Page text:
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GIORNALE ITALIANO DI DERMATOLOGIA E VENEREOLOGIA
A Journal on Dermatology and Sexually Transmitted Diseases
Official Journal of the Italian Society of Dermatology and Sexually Transmitted Diseases
Indexed/Abstracted in: EMBASE, PubMed/MEDLINE, Science Citation Index Expanded (SciSearch), Scopus
Impact Factor 1,014
Giornale Italiano di Dermatologia e Venereologia 2004 February;139(1):15-29
language: English, Italian
Contact dermatitis in pediatric age
Bonamonte D., Foti C., Angelini G.
Section of Dermatology Department of Internal Medicine Immunology and Infectious Diseases University of Bari, Bari, Italy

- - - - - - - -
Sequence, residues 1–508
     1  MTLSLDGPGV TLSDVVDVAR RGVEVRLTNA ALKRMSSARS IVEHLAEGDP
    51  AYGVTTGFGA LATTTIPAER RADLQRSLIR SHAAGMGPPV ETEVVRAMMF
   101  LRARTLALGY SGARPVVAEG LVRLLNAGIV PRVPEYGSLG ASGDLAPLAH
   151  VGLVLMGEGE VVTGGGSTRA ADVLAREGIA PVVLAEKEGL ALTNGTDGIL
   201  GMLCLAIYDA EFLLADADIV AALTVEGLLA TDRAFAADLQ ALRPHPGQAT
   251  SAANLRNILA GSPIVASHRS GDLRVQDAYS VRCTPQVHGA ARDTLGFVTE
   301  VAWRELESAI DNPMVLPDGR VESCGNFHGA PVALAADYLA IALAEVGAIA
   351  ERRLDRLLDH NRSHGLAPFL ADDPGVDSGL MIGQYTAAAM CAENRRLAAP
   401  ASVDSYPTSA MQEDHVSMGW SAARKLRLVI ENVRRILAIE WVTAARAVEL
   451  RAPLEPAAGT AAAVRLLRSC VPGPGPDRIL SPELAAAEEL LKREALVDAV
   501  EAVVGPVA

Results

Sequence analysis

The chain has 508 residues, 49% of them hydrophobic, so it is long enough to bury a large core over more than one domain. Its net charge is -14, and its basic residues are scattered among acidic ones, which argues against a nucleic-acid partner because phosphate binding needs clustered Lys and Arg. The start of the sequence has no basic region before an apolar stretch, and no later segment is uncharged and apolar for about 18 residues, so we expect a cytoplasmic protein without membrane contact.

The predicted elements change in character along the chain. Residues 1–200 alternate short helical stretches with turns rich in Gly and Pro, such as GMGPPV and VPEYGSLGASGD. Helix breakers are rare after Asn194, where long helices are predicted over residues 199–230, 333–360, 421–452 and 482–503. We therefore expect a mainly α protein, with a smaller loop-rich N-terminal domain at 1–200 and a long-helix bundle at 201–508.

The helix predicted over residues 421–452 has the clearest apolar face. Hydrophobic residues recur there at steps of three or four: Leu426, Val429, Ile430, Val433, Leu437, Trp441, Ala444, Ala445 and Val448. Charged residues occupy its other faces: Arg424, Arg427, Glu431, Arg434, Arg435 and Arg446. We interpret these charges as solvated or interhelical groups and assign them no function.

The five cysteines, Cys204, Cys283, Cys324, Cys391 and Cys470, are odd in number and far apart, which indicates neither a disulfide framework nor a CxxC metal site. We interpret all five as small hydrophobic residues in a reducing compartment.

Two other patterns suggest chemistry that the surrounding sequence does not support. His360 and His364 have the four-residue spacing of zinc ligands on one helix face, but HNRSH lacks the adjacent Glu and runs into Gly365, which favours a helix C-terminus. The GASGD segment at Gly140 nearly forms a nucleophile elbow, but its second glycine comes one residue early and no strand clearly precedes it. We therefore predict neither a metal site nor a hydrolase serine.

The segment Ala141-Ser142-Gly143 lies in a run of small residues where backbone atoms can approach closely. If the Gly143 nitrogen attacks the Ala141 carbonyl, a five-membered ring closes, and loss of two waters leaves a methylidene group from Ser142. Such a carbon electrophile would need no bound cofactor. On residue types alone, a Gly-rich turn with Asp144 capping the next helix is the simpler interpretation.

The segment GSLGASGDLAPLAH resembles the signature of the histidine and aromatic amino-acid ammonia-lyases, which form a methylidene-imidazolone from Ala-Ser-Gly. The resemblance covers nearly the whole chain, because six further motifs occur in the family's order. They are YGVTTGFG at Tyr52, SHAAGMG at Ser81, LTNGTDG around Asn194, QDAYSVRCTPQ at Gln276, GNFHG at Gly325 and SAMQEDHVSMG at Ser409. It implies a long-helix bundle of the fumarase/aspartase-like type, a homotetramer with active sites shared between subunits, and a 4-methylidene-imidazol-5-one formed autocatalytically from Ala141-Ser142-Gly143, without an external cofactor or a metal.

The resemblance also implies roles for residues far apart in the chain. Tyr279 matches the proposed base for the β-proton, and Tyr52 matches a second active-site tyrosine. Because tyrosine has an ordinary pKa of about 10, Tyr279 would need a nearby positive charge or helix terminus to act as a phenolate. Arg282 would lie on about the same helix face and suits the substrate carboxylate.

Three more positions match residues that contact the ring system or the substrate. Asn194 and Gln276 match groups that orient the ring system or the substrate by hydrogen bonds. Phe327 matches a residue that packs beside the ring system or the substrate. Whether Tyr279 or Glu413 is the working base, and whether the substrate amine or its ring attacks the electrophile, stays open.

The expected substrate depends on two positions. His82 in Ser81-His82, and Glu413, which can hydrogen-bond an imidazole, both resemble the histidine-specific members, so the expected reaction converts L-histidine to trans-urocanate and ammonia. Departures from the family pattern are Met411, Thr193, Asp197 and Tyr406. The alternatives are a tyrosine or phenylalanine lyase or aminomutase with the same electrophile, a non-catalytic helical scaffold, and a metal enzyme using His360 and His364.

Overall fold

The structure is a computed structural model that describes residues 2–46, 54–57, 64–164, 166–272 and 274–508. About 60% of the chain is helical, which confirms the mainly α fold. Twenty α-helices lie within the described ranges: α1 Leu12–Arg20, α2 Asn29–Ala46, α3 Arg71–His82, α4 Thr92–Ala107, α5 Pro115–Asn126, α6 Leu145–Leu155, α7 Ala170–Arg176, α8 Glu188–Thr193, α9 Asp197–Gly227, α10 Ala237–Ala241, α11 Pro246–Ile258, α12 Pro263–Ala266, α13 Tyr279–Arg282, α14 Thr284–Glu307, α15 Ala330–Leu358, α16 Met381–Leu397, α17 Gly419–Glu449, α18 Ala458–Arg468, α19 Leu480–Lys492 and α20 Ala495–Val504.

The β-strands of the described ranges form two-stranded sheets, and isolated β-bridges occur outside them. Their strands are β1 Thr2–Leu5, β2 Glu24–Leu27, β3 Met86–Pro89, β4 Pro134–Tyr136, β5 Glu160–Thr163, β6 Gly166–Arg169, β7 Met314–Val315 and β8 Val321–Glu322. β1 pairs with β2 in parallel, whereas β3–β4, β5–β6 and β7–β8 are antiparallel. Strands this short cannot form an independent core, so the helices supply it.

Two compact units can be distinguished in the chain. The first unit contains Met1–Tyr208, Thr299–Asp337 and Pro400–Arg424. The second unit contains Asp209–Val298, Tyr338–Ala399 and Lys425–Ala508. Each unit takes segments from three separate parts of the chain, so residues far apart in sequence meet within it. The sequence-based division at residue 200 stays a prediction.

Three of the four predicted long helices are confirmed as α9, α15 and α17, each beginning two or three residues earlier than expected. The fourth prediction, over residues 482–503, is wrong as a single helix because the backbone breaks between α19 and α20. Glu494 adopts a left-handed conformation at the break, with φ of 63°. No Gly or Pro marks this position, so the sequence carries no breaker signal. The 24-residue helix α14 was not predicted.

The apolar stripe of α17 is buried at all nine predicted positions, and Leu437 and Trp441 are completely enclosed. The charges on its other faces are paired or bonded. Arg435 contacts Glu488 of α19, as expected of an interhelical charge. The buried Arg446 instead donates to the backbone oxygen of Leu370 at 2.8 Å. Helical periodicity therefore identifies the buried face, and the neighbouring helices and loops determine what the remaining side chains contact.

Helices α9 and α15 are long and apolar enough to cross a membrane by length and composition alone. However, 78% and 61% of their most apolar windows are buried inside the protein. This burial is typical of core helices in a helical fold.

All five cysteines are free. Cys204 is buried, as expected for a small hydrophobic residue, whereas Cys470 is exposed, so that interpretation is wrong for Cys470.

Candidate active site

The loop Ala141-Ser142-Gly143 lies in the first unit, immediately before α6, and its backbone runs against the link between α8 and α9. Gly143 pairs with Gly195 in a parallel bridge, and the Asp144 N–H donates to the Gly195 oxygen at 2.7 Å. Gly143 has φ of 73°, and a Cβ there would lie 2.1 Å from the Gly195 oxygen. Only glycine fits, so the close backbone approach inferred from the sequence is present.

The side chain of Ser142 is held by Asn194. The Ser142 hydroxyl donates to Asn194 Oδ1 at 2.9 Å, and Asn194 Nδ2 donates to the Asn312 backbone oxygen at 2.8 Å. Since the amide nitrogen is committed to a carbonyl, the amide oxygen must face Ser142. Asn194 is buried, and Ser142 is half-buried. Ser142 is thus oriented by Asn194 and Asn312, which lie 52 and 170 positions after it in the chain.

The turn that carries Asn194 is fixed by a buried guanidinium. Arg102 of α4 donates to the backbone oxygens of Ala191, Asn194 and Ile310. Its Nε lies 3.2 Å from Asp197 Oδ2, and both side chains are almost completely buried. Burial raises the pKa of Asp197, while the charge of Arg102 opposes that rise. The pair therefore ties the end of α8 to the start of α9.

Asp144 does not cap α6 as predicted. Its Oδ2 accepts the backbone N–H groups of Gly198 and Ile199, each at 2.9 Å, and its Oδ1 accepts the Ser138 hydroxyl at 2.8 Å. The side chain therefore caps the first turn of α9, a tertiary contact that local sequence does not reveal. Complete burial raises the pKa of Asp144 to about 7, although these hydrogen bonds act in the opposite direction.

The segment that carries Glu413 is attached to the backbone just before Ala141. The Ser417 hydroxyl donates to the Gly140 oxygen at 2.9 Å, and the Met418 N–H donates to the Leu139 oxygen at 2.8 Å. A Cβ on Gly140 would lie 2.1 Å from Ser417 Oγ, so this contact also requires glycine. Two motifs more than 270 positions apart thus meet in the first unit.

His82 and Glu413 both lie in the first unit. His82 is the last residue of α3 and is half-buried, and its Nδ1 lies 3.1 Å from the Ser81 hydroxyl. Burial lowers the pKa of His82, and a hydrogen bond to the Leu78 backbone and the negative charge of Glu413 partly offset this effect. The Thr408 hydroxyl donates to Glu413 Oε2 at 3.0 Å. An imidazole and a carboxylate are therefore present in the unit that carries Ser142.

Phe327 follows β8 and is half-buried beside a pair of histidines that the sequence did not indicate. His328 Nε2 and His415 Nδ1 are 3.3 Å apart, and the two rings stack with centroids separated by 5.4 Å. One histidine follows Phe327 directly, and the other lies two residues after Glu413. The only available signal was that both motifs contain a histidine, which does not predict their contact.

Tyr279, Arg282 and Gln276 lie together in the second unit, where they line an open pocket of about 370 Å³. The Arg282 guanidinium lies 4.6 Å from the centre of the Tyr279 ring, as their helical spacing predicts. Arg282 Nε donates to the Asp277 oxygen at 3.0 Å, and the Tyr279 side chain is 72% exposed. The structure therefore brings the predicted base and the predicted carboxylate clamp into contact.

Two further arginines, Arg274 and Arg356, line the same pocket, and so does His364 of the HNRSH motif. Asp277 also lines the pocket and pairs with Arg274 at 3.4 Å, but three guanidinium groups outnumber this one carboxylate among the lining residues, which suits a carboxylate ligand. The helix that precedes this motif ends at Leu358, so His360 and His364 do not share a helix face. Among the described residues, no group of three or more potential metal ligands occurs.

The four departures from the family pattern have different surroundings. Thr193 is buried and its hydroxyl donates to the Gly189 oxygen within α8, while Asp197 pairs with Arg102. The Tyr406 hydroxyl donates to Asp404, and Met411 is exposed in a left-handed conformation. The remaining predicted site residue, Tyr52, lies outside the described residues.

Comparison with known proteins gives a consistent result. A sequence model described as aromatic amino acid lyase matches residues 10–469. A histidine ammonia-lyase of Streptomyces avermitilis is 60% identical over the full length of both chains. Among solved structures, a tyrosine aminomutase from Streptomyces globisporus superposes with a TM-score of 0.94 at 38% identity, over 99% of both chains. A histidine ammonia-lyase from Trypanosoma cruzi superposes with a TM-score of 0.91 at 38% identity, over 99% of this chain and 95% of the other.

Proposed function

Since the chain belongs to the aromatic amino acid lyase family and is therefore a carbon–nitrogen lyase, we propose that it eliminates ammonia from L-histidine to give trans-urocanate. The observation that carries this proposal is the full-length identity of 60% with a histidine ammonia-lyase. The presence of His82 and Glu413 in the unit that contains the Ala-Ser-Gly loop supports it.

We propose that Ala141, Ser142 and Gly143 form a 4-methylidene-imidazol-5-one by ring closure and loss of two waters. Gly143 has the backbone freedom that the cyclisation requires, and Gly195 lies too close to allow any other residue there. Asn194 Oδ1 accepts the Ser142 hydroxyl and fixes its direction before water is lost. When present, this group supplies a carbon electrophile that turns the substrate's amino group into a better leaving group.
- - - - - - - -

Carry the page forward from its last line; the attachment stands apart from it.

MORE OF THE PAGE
Right from birth, children’s skin is exposed to a wide range of environmental attacks of both chemical and physical type, and can therefore develop various clinico-pathogenetic expressions of contact dermatitis. The most common forms of contact irritation are contact dermatitis in the diaper region and keilitis and perioral contact dermatitis (due to foods and saliva). In the past, allergic contact dermatitis (ACD) was considered rare in children on 2 grounds: that there might be reduced exposure to allergens in childhood and that children’s immune system could be less susceptible to contact allergens. In the last 20 years, however, many literature studies have shown a high incidence of contact allergy in childhood, up to 20% of all forms of dermatitis, according to some authors. The studies in selected patients found that although ACD is rare in the first months of life, the percentage of positive reactions to the patch test ranges from 14.5% to 70.7% of cases. The most common allergens are nickel, cobalt, chromium, fragrances and rubber additives. Most studies show a predominance of the complaint in the female sex due to more frequent contact allergy to nickel. The few available data on unselected groups of children, mainly performed in schoolchildren between 5 and 14 years old, report an incidence of positive reactions from 13.3% to 23.3%. Contact allergy is not uncommon in children with atopic dermatitis, particularly in subjects affected by moderate forms of the complaint. Patch tests can and must be performed in childhood in all cases of suspected ACD, using the same allergens and the same concentrations as in adults.